* recorded in the version of the history of the file, available from
  * its original location
  * SPDX-License-Identifier: BSD-2-Clause
  * License-Filename: LICENSES / BSD-2-Clause_Charlie.txt
  * /

To ensure software compliance, these identifiers enable to generate automatically inventories of licenses in the form of “Bill of Material”.

The complete list of SPDX identifiers is available at this address:

Traceability of development (DCO)

In order to guarantee the origin of the contributions submitted, the implementation of a Developer’s Certificate of Origin is recommended. A French translation is made available DCO-Fr.txt

For now, the sign-off is only in English using the command

git commit --signoff

Development practices

Best development practices also apply in the context of open development, and in particular those related to the normative documents enforced within the administration:

Opening the code also amplifies the importance of some of these best practices:

  • Documentation, inside the code (comments and messages of * commit *) and outside the code.
  • Legal compliance in the use of third-party libraries. The vast majority of current developments are based on third-party open source libraries, hence it is necessary to ensure the compatibility with their respective licenses and comply with their obligations.
  • Modularization of developments to maximize code reuse but also to isolate any sources of error
  • Respect of a unique coding guideline per project.


Identified interlocutor

It is recommended to identify a person in charge of the security of the project that will ensure compliance with best practices implemented during development, and to treat potential security incidents. It is also better to use a dedicated e-mail address to deal with security incidents or intellectual property issues which would be discovered by a third party.

Secure development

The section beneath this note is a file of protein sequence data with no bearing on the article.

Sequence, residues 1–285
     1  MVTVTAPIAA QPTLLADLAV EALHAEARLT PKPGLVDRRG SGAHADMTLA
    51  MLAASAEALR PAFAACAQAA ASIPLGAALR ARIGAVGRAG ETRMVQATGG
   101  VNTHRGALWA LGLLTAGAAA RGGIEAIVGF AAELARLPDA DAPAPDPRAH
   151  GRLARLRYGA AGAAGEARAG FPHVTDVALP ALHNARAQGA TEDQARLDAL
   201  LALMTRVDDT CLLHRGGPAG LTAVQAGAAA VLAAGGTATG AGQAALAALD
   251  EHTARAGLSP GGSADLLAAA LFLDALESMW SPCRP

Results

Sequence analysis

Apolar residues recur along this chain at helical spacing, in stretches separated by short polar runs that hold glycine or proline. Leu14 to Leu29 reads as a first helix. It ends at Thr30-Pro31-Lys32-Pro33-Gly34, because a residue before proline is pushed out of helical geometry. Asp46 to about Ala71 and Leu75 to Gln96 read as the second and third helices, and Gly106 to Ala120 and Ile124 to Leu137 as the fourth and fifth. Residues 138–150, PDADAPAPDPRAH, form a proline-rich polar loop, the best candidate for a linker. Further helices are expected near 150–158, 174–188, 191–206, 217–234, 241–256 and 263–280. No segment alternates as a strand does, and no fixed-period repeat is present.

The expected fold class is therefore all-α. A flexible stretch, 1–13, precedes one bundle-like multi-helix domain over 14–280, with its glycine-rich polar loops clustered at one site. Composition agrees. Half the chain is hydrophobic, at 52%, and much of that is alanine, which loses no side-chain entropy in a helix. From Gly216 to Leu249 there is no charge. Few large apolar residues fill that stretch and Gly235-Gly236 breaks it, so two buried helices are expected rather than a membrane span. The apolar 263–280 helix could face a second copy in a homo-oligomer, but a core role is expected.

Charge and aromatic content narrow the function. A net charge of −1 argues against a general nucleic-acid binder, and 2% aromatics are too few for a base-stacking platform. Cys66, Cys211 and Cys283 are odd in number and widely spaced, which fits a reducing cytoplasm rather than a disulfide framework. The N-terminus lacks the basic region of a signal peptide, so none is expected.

Do not rely on security by obscurity

Obscurity is generally recognized as an insufficient practice, but in the case of a project with open code, this strategy is deprecated. It must therefore be replaced by other more robust strategies such as defense in depth.

Secret / sensitive data, cryptography

  • No secret items (such as a password or key cryptographic) should only be stored in the code or in the comments; use configuration files that are not versioned (cf .gitignore)

  • No secret element should be written by the program in clear in a file (including including a log file) or in a database, always prefer a hashed version with a state of the art hash function ( i.e salt for each entry)

  • No secret element must transit in clear on the network

  • Do not implement a cryptographic mechanism yourself but use recognized libraries using parameters and robust cryptographic suites

Development tools and dependencies

  • Use software and libraries where appropriate third parties maintained and up-to-date security patches; prefer libraries (re) known, and the simplest possible

  • Use the code analysis services offered by the platform and systematically process problems brought up before integration

  • Only push commits of code that compile, are tested, and functional, accompanied by corresponding unit tests; some platforms offer the opportunity to replay automatically the unit tests of a project to ensure the non-regression (e.g. Travis, Homu)

  • Create a tag (e.g. v2.0.1) for each version (e.g. 2.0.1), and sign it cryptographically (see GPG signature verification)

  • Respect the recommendations and good safety practices issued by the ANSSI applicable to the project


The contribution policy is not intended to offer specific tools. However specifically for managing open code, you can find the referenced tools on useful.